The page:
It’s the”C” not the”I”

Morning
folks!!


Since
I sold ireport.com to CNN I hear this chatter about 'I' domains. The
'I' part of the equation in the domain name is a very small part of
the equation. The power the 'I' had in this particular domain is
extremely powerful. But as the title suggests, it is not about the
'I' domain. It is about the 'C' in
'Circumstance.' Circumstance is what drove this deal and drives
almost all deals.


Now
let me peal this back a bit. CNN got the deal of the century. $750k was a
bargain. The value was close to $7.5M and I am going to explain why I plan to
get $7.5M as a result of this deal. First of all this may become the highest
profile domain to be sold and used in a very long time. CNN may advertise
ireport.com hundreds of times a day throughout the world. And each time any of
us hear that, it will remind the industry and then eventually the world about
this deal. The BARGAIN this deal will become in the eyes of the market. That
alone will raise values across the board as folks begin to realize what power a
domain, a great domain, can have to set you apart from the competition.


The
race is on. Will Fox News fight back and get uReport.com? The one thing that is
a SURE BET, is WHEN that domain eventually sells to Fox, and it WILL sell to
them at some point, it will sell at a rate much higher than $750k
.That deal
will likely never be known when it does happen, but there is no question that
the table is set for a multimillion dollar sale. Do you hear that Seattle? Bases are loaded. So that is really the next piece of the puzzle to follow. This has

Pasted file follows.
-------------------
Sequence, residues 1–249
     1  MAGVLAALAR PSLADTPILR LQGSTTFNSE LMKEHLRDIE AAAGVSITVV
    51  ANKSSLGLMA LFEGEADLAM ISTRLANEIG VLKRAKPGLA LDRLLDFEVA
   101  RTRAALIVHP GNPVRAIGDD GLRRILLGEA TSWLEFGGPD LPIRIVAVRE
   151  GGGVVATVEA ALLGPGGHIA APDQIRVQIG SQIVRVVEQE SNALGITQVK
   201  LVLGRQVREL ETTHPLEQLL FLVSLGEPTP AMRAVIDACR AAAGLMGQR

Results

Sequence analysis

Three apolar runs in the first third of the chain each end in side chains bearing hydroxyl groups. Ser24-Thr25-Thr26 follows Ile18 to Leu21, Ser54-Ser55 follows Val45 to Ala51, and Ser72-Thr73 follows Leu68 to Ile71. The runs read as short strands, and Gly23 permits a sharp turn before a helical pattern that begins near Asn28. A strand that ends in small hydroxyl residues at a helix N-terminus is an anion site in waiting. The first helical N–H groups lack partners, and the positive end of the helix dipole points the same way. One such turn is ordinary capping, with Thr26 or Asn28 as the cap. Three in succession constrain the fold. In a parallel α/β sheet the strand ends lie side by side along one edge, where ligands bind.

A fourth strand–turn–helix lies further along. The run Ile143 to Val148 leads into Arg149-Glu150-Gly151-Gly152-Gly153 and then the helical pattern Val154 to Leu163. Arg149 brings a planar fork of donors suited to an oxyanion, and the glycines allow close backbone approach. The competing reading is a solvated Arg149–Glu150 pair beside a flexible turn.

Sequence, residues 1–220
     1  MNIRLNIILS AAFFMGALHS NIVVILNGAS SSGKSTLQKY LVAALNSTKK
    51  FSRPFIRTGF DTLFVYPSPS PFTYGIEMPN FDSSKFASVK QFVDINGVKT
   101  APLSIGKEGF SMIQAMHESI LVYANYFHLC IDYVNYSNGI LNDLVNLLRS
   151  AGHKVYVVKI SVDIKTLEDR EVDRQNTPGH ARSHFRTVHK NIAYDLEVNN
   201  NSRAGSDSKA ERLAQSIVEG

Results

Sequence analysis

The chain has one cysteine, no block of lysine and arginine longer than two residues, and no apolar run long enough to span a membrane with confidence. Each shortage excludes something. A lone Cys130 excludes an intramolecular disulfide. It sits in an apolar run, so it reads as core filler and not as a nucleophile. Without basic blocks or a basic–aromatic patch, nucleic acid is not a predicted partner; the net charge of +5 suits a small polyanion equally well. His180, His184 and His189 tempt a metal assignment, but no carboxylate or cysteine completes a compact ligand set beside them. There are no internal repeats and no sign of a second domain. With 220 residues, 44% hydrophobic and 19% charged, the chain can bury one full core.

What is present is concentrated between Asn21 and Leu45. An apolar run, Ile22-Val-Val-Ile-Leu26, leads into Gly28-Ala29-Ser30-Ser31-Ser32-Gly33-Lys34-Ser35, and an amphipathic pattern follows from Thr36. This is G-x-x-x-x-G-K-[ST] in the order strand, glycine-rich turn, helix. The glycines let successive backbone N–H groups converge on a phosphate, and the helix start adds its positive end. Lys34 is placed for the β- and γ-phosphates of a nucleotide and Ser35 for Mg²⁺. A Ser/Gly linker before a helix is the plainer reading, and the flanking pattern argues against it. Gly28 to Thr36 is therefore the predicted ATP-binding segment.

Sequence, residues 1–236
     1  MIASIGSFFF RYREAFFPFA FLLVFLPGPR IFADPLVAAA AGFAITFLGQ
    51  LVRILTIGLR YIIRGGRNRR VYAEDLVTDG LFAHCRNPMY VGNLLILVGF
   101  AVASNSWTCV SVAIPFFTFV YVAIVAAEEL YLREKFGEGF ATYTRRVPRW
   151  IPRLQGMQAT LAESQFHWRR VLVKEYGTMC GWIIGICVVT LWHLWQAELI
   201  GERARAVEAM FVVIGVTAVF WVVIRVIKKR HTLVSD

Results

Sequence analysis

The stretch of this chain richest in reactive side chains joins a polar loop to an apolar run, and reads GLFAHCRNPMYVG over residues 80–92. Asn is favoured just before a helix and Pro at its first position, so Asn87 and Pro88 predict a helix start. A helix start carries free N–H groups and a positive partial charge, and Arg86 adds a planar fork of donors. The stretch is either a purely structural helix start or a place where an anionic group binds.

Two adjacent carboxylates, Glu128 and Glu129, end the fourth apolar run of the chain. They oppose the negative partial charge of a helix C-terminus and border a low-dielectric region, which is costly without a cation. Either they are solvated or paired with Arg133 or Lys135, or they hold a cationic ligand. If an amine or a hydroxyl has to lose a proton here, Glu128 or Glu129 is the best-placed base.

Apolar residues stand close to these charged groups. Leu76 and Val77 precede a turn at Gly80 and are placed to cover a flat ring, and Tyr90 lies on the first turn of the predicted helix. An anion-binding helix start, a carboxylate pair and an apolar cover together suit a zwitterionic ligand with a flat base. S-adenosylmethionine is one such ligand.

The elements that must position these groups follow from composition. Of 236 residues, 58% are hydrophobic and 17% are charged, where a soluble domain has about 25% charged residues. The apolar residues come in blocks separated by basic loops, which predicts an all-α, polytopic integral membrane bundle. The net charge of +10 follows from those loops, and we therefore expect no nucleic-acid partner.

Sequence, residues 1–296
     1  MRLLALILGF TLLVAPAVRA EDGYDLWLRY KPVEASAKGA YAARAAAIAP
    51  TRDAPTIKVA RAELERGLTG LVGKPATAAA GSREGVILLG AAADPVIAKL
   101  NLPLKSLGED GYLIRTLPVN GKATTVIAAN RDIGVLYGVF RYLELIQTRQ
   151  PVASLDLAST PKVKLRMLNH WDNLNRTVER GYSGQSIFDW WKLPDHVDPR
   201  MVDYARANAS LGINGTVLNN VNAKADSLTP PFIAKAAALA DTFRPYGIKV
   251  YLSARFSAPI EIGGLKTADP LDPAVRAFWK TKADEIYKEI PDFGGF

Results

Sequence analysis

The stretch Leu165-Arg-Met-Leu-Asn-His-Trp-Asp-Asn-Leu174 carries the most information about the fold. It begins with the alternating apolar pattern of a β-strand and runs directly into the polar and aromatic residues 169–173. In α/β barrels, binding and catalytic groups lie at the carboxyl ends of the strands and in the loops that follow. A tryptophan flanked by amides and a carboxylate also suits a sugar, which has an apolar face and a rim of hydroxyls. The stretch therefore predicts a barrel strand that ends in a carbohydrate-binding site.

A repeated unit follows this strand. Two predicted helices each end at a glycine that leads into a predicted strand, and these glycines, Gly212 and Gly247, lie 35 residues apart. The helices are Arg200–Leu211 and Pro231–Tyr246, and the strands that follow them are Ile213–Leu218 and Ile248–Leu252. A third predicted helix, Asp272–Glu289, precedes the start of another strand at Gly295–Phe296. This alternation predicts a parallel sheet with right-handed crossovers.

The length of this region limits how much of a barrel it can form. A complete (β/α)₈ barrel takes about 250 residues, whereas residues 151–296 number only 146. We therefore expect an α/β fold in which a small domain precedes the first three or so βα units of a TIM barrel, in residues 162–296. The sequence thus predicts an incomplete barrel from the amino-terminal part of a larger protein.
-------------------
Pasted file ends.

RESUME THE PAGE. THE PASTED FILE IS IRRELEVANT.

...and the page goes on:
the power to blow the lid off the domain industry. Two titans at WAR and it is
their domain names that will be their leading Generals.
For the love of  Pete, they pay $750k for a picture of Britney's panties!This domain may actually define both networks for the next generation. Comparable? You decide. This may illustrate to the markets and business world that a domain name value is a drop in the bucket when compared to other income producing assets. The very future of ALL business is wrapped up in their domain names. It has been that way for a dozen years and it will be a recession or a crash in 2008 that forces all business to re-evaluate how they do business and why I would make such statements. How many other industries and
titans will fight similar battles? The value of this sale will be pointed to as
another mile marker not only in the domain industry but in business because of what is still yet to
unfold. The best is yet to come.


Have a GREAT Day!
Rick Schwartz




20 thoughts on “It’s the”C” not the”I”

  1. christian